Buy Now Pay Later News Buy Now Pay Later market: DB joins

Buy Now Pay Later market: DB joins

Deutsche Bank enters Buy Now Pay Later market

As giants of the financial world line up to take advantage of the Buy Now Pay Later phenomenon, Deutsche Bank is the latest to join the party. In an unsurprising partnership with a FinTech company, the German giant will be rolling out a pilot project this year. So what does this mean for merchants, consumers and the sector as a whole?

Merchants paid immediately

While DB highlights the fact that merchants are paid immediately on the sale, this is not new for the sector. What is slightly different is the fact the Buy Now Pay Later service is a white label solution. This means merchants can brand this service as their own while Deutsche Bank operates it.

In collaboration with FinTech company Credi2, Deutsche Bank will offer invoice and instalment purchase solutions. How the service is structured means, it can be integrated into any payment system.

Does this encourage customer loyalty?

There is always apprehension when you log onto a website and are then redirected to the services of another. This is no different with the Buy Now Pay Later app market, where leading Buy Now Pay Later apps tend to be front and centre of current marketing. The problem of apprehension is not a significant issue with well-known Buy Now Pay Later companies but can cause issues with some of the less prominent operators.

Consequently, logging onto a retailer’s website indicates a degree of trust. In addition, if the retailer is offering a Buy Now Pay Later app service under their brand name, this should help customer retention.

Who carries the financial risk?

The Deutsche Bank Buy Now Pay Later service allows merchants access to a portal to monitor returns and partial payments, which suggests this risk is transferred to the merchant. Most modern-day Buy Now Pay Later apps take on this risk in exchange for payments from the merchant. However, amidst the marketing literature, Deutsche Bank also suggests that it takes the Buy Now Pay Later risk on its portfolio. A little confusing!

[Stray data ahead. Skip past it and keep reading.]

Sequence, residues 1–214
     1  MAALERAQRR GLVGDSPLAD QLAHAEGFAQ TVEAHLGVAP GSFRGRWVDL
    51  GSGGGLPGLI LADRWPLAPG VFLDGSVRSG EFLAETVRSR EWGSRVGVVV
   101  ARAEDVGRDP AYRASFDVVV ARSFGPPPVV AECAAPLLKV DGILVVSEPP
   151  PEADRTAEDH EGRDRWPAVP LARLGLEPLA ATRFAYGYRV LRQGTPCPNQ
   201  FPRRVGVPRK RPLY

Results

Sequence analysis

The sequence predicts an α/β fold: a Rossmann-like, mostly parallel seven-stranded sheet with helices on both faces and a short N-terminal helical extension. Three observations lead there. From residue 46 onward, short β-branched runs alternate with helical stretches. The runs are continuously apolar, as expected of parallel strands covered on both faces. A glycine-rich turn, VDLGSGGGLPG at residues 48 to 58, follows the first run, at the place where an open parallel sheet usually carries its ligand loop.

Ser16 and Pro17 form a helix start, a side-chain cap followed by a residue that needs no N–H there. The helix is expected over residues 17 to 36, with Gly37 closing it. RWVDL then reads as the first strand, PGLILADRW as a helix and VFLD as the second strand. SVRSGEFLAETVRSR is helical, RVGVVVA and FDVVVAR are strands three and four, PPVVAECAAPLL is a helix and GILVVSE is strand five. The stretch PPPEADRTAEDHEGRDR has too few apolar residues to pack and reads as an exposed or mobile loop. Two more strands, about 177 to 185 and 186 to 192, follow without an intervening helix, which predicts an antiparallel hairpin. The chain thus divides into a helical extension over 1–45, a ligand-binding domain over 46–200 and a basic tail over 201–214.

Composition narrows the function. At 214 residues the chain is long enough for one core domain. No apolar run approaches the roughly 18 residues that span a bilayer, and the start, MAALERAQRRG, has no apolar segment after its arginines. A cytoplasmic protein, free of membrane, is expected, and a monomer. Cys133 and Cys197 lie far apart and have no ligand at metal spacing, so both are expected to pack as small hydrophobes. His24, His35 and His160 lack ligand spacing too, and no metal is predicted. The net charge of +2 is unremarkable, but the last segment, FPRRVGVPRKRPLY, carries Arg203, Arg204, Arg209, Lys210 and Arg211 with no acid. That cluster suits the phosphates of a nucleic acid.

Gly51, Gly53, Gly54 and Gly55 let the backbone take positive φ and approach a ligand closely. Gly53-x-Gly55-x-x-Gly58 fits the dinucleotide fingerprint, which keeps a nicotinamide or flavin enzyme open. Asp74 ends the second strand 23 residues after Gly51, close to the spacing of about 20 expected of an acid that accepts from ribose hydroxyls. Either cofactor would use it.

Invoice and instalment purchases

The German system is very different to that in the UK. Invoice purchasing is one of the top three payment methods in terms of transaction numbers. It was, therefore, no surprise to see Deutsche Bank introducing this service with the new white label Buy Now Pay Later offering. If this pilot scheme is successful, this will likely see the rollout of more white label services in different countries. These are fast-changing and very interesting times for the Buy Now Pay Later market.

Will the financial giants take over the Buy Now Pay Later market?

Historically, when new products and services arrive, they are left to fester or grow before the big players seek to take over. We have seen this with cryptocurrencies and electronic cigarettes, to name but two instances. However, the situation could be different regarding Buy Now Pay Later. Many new Buy Now Pay Later apps are unhindered by cumbersome legacy business costs associated with banking. Consequently, the new Buy Now Pay Later app providers are more flexible and fast-moving. They also have a very different mindset to their traditional financial counterparts. So, while the financial giants will no doubt attempt to take over the market, this is highly unlikely.


Undoubtedly, the Deutsche Bank Buy Now Pay Later deal will be the first of many rolled out by the financial giant. Other mainstream banks are also following suit in a market which is fast becoming very crowded and competitive. Eventually, the weaker companies will fall by the wayside, and mergers and acquisitions will lead to consolidation. Resulting in a likely very different shape to the one we see today. However, akin to the electronic cigarette market, it is unlikely that consumers will have as much trust in the traditional financial giants as they do with the Buy Now Pay Later app new kids on the block.

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